In collaboration with university specialists and European colleagues, CCFE has started work on several important aspects of materials research. These include computer simulations of atomic behaviour and experimental work on candidate materials in JET and MAST, which will lead to a better understanding of materials properties and lifetimes.
CCFE has recently opened a materials laboratory to analyse the characteristics of microscopic samples of metals. Part of the National Nuclear User Facility, it can also be used by academic researchers and industrial partners interested in how to develop both fusion and nuclear fission reactors of the future. In 2015 the laboratory will move to a new purpose-built facility on the Culham site.
Materials research at Culham
Spin-off technologies from fusion research are benefiting a range of hi-tech companies at the Culham Innovation Centre
The materials laboratory at CCFE
Fusion scientists analyse materials from sub-atomic scale right up to the size that will be used for ITER. This involves spanning a factor ten billion in scale – similar to comparing the size of Culham with that of the entire solar system.
ITER will be the first fusion experiment to produce net power gain – releasing ten times the amount of power put in.
The European ‘road-map’ towards fusion energy production, published by EFDA in 2013, foresees two successive generations of international devices:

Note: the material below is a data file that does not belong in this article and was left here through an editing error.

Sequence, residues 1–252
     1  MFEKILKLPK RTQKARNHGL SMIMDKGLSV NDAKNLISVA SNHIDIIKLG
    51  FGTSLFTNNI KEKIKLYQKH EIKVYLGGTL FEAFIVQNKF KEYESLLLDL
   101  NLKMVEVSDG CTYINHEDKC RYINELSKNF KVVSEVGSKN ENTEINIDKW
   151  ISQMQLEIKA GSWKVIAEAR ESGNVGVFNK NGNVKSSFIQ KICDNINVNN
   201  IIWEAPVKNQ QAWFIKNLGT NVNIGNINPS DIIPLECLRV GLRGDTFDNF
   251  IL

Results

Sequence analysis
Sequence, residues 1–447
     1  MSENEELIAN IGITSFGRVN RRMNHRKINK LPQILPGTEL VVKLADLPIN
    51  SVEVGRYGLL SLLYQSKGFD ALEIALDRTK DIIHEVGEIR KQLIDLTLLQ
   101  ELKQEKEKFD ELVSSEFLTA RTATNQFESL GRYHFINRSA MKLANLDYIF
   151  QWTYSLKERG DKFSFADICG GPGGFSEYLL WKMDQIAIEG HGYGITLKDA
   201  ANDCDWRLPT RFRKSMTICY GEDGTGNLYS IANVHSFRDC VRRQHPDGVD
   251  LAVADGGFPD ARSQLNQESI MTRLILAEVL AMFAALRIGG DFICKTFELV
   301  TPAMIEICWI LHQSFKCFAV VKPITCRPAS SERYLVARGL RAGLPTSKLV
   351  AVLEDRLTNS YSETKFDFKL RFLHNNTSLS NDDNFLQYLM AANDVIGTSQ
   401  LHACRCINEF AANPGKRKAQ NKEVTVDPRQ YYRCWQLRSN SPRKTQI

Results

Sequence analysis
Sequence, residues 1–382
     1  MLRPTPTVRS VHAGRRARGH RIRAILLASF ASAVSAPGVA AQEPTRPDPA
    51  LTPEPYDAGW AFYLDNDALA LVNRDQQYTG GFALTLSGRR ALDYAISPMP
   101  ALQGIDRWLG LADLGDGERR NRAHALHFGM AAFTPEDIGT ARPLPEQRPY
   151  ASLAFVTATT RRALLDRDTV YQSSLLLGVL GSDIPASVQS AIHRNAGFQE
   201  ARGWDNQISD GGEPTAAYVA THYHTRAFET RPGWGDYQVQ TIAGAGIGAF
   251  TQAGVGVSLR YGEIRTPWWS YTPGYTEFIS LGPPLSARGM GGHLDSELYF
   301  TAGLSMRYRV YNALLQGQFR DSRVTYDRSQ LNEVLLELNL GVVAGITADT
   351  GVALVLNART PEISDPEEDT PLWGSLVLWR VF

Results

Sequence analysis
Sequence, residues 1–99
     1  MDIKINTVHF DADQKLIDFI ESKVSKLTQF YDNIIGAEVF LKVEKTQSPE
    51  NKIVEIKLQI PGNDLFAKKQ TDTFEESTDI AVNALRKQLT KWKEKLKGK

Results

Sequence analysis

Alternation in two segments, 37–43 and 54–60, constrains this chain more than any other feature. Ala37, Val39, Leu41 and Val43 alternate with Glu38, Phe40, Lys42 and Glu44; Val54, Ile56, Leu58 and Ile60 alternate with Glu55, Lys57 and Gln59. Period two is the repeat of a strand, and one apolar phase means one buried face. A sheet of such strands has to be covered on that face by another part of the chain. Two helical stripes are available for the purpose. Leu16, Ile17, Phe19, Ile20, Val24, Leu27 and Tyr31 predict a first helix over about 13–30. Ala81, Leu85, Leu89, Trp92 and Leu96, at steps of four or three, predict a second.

• ITER – the next-generation research device now under construction in Cadarache, France;
• DEMO – a prototype power plant which will generate electricity from fusion. This would lead to the first electricity production from fusion by 2050.
Parallel development of appropriate fusion materials and the demonstration of the environmental and safety case for fusion power will be completed in time for DEMO’s construction. CCFE is undertaking significant design work for ITER and DEMO – part of Culham’s rapidly growing technology programme.
ITER is the next major international fusion project. As the forerunner to a demonstration power plant, it will be a crucial step towards commercial fusion energy. It is expected to prove the feasibility of electricity from fusion by routinely releasing some 500MW of fusion power.
ITER will be a scaled-up version of JET, with linear dimensions twice the size, but also using more advanced technologies – for example, superconducting magnetic coils.
Participants in ITER represent more than half the world’s population: China, the European Union, India, Japan, South Korea, Russia and the USA. ITER will be the world’s largest international co-operative research and development project after the International Space Station.
ITER will be located at an existing energy research site at Cadarache in southern France. An international team is now constructing the machine at a cost in the region of €14 billion. Scientists and engineers from Culham are helping to develop tokamak systems and to test ITER plasma experiments on MAST and JET. Completion is expected in late 2020 and will be followed by a lengthy period of operation that will trial essential physics and technologies for the fusion power plants of the future.
The next steps…
A cutaway model of the ITER tokamak
The ITER tokamak (23 metres in diameter) will be positioned in the centre, surrounded by its cryostat (30 metres in diameter) and concrete bioshield. (ITER Organization)